Bus line to Albany, Nelsonville nears HAPCAP funding goal

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Bus Stop

The Athens County Commissioners are pledging funding toward a pilot plan to create public transportation routes to Albany and Nelsonville.

Jessie Schmitzer of Hocking, Athens, Perry Community Action presented the plan at the commissioners’ meeting Tuesday.

Schmitzer, the Athens County mobility coordinator, has worked on this project for quite some time. She had previously presented the idea last September during the Integrate Athens Forum.

The plan calls for extending public transportation into Albany and Nelsonville through a single line.

“As you all know, transportation, or the lack of it, is a major barrier for everybody all across Athens County to pretty much anything,” Schmitzer said. “Medical access, food, employment, education — it goes on and on.”

The Nelsonville portion of the line would begin at the Baker Center Bus Hub in Athens and offer stops at Hocking College, the Public Square, the Nelsonville library, the new Mary Hill Center, the OhioHealth Nelsonville Health Center and return on Route 33 to Athens.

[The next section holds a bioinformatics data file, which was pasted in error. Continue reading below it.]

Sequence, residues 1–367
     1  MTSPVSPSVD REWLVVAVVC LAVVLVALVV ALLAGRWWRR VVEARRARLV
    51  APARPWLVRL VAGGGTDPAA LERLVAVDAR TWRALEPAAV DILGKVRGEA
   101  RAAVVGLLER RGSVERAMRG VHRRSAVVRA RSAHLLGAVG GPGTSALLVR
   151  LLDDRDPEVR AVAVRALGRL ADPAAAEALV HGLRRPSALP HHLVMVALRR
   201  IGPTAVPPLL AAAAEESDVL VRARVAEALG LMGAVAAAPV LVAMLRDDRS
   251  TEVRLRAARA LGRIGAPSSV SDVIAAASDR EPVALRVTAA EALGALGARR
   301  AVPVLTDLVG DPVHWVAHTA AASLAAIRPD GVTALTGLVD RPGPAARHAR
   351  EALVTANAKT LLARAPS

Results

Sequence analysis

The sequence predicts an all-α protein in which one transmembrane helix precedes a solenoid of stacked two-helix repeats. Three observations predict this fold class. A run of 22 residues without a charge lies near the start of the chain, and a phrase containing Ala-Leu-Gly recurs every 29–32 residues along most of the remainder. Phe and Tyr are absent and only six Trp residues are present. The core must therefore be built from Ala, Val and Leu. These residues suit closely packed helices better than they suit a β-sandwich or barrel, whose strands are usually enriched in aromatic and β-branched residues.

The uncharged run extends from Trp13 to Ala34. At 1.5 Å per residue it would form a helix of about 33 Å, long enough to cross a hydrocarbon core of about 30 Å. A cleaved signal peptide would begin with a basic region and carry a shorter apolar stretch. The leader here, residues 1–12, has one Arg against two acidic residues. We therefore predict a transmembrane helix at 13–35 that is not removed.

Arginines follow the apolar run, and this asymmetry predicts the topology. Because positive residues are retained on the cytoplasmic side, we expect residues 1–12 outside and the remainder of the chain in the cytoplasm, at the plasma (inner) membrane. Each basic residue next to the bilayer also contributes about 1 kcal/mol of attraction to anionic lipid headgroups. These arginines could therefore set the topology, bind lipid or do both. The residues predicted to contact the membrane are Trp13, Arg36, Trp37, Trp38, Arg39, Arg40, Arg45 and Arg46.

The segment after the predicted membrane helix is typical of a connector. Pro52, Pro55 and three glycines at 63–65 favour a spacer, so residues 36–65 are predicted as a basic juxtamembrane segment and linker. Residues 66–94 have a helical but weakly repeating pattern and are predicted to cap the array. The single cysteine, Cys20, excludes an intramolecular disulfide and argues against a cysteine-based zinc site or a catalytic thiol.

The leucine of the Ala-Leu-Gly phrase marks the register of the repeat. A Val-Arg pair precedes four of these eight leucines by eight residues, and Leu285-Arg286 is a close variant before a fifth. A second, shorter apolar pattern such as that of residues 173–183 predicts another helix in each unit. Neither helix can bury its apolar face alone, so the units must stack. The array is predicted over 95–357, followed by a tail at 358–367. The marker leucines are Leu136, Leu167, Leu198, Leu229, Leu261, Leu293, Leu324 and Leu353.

The Albany portion of the line would pick up at the Baker Bus Hub, head to the village along Route 50, and offer stops at the Marathon gas station on Washington Road, the Albany library, the Dollar General and nearby Alexander Local Schools before heading back to Athens.

Schmitzer said it would likely involve two buses “doing figure eights” between Albany, Athens and Nelsonville.

Commissioner Charlie Adkins asked if Route 56 to Radford Road could be part of the route. Schmitzer said that could be possible, as the buses would turn right at the intersection of Radford and Route 50. Both Schmitzer and Adkins noted that the intersection is one of the most dangerous in the county, so ODOT approval would likely be necessary.

“This is pretty amazing,” Adkins commended.

So far, about $70,000 in funding has been secured for the proposed bus line. To operate for six months, HAPCAP would need $90,000. Schmitzer asked the commissioners for a commitment of $5,000, which they awarded.

Schmitzer also plans to apply for funding from the Ohio Department of Transportation in November, which could fund upwards of half the project. She noted that a total of $90-100,000 would be needed annually to match that funding.

Other costs associated with this could be a new bus at $90,616 and new bus shelters for $7,520 each.

Like all lines, the loops would work on a hail system, and additionally is required to have the capacity to deviate up to three quarters of a mile to pick up individuals with a disability or handicap. Each loop would offer pickup from each stop every hour, and would still cost $1 like the other lines.

This is the next step toward a county-wide transportation system, with Schmitzer eyeing Glouster as a potential destination of a as-of-yet not planned route.